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Joan Merriam Smith
Birth: Aug. 3, 1936
Death: Feb. 17, 1965
Big Pines
Los Angeles County
California, USA

Aviatrix; She was the first person to fly solo around the world at the equator, and the first woman to fly twin-engine aircraft around the world. Her flight was the longest solo flight ever undertaken in the history of the world at that time. As a child, Smith's first flight was with an airline in a Lockheed Constellation in which she was taken up to the flight deck and introduced to the pilot. From this experience, Smith fell in love with flying and decided that she too would fly one day. After reading a book on Amelia Earhart given her by an aunt, Smith dreamed of the day that she could not only re-trace Amelia's flight, but also finish it. At 15 years of age, and before she could drive a car, Joan Merriam learned to fly, and soloed after only nine hours. She obtained her pilot's license at 17 years of age, and her commercial license at 23, both (at the time) being the minimum ages at which these licenses could be granted. Smith became a flying instructor and flew commercially, doing charter flights and flying executive aircraft. In 1958, she married an officer of he US Navy, Lt. Commander M. G. (Jack) Smith, who was also a pilot and very receptive to Joan's will to re-enact Earhart's flight. In 1963, Joan finally purchased an aircraft suitable for the long flight, a twin engine Piper Apache N3251P, which cost her eighteen thousand dollars. She named it "City of Long Beach" in honor of the sponsorship she received from that city. Modifications were necessary and the seats were removed to make room for ferry tanks. The tanks and other modifications were to cost more than seven thousand dollars that Smith was forced to borrow from friends. Rivalry existed between another pilot, Geraldine "Jerrie" Mock, and Smith, whose flights took place simultaneously. Both women wanted to be the first woman to fly solo around the world. Smith decided to concentrate on the reenactment of Amelia Earhart's flight, and not to worry about speed and records. The press, in order to add drama to their reports and articles, would have liked to make a race of the flights between the two women pilots. Joan Merriam Smith did not make any official speed record in her famous flight, as Geraldine Mock had registered her intentions of setting a record with her flight, well before Smith. Although she had left 2 days before Mock, Smith arrived some 25 days after her; Mock had finished her flight on April 17th. Smith flew the 1937 Amelia Earhart route in her Rajay Turbocharged Apache, 27,750 miles in 56 days with 34 landings in her path around the world. In this flight she was caught in a Brazilian revolution, delayed in a tense situation in Indonesia, grounded by nose wheel problems in Guam and had to face a fuel tank leak and hydraulic failure. She overcame all of these difficulties, arriving back at Oakland, California on May 12, 1964. Joan Merriam Smith wrote two magazine articles: "I flew around the world alone", for the Saturday Evening Post, July 25-August 1, 1964, and "The longest Flight", for the AOPA Pilot, November 1964. She was awarded the Harmon Trophy (awarded annually to the world's outstanding aviator, posthumously in 1965. She also received the prestigious Trophée de la Ligue Internationale des Aviateurs, Trophée des Aviatrices. Smith died of injuries sustained when the rented Cessna 181 she was flying with a friend crashed near Big Pine, California, six weeks after she walked away unscathed from the crash of her own Piper Apache.  (bio by: Scott Wilson)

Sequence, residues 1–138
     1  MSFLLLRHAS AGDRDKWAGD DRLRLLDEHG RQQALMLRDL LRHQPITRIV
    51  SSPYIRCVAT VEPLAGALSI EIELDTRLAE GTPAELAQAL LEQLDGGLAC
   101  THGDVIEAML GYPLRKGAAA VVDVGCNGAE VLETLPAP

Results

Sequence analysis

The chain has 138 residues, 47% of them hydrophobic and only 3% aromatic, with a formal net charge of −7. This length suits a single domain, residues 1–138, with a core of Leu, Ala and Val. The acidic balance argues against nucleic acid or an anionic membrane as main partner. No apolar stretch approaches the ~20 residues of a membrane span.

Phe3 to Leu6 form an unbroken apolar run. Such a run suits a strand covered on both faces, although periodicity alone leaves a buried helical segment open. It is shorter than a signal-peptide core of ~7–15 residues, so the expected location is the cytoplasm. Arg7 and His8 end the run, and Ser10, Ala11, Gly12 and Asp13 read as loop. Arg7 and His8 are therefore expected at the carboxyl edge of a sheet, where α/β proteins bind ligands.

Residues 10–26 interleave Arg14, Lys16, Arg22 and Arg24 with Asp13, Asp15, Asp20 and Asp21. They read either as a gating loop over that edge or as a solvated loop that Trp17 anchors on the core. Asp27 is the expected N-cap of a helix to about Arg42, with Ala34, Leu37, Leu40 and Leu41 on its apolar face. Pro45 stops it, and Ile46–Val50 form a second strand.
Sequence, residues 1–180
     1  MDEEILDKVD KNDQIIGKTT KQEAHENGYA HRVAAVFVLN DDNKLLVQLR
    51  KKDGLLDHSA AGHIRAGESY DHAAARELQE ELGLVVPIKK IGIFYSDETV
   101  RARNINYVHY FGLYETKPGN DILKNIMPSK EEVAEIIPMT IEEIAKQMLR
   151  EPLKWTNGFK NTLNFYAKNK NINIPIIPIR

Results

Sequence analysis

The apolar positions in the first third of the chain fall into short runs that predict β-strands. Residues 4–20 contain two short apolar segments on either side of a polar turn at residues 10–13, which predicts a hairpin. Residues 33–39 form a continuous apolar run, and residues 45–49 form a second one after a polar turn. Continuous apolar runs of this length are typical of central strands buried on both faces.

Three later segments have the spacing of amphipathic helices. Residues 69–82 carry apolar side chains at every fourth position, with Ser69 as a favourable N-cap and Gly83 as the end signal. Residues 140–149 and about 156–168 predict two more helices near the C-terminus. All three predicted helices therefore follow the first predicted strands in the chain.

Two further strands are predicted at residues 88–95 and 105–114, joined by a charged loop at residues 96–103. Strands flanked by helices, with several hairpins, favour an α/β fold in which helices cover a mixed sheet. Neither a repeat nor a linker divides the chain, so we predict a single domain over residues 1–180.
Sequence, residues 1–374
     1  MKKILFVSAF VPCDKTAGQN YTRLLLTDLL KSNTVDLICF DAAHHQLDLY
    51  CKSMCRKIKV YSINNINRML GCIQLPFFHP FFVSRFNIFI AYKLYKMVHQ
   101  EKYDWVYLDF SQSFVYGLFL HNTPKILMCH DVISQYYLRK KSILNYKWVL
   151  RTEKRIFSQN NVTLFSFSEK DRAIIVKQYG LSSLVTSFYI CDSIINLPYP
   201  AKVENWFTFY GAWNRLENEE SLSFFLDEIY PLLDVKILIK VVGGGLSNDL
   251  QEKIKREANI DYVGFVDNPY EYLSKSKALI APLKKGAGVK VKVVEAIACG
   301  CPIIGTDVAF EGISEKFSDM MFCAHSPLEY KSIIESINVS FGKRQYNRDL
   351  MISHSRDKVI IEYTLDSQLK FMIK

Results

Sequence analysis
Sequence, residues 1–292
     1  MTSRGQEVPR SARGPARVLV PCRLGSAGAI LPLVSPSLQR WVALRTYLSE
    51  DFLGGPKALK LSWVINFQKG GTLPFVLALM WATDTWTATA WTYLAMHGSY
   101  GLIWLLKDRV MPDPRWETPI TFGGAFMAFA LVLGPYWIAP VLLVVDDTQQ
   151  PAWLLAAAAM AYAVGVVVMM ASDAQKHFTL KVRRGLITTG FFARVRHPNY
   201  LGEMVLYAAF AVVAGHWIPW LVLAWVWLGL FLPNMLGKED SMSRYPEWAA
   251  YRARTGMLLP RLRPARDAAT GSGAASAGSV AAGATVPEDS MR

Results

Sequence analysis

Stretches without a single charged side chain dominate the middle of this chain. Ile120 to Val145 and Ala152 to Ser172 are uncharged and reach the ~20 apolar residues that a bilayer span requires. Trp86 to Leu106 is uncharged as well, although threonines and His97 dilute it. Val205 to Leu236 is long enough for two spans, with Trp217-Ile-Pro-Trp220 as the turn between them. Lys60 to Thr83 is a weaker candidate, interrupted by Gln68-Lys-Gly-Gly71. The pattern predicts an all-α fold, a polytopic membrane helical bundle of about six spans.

Burial:
Forest Lawn Memorial Park (Cypress)
Cypress
Orange County
California, USA
Plot: 5027
 
Maintained by: Find A Grave
Originally Created by: Scott Wilson
Record added: Jan 01, 2007
Find A Grave Memorial# 17235826
Joan <i>Merriam</i> Smith
Added by: Ron Moody
 
Joan <i>Merriam</i> Smith
Added by: Scott Wilson
 
Joan <i>Merriam</i> Smith
Cemetery Photo
Added by: Donna Hancock
 
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-Anonymous
 Added: Sep. 14, 2015

- quebecoise
 Added: Aug. 3, 2015

- Joseph M.Petri
 Added: Feb. 4, 2015
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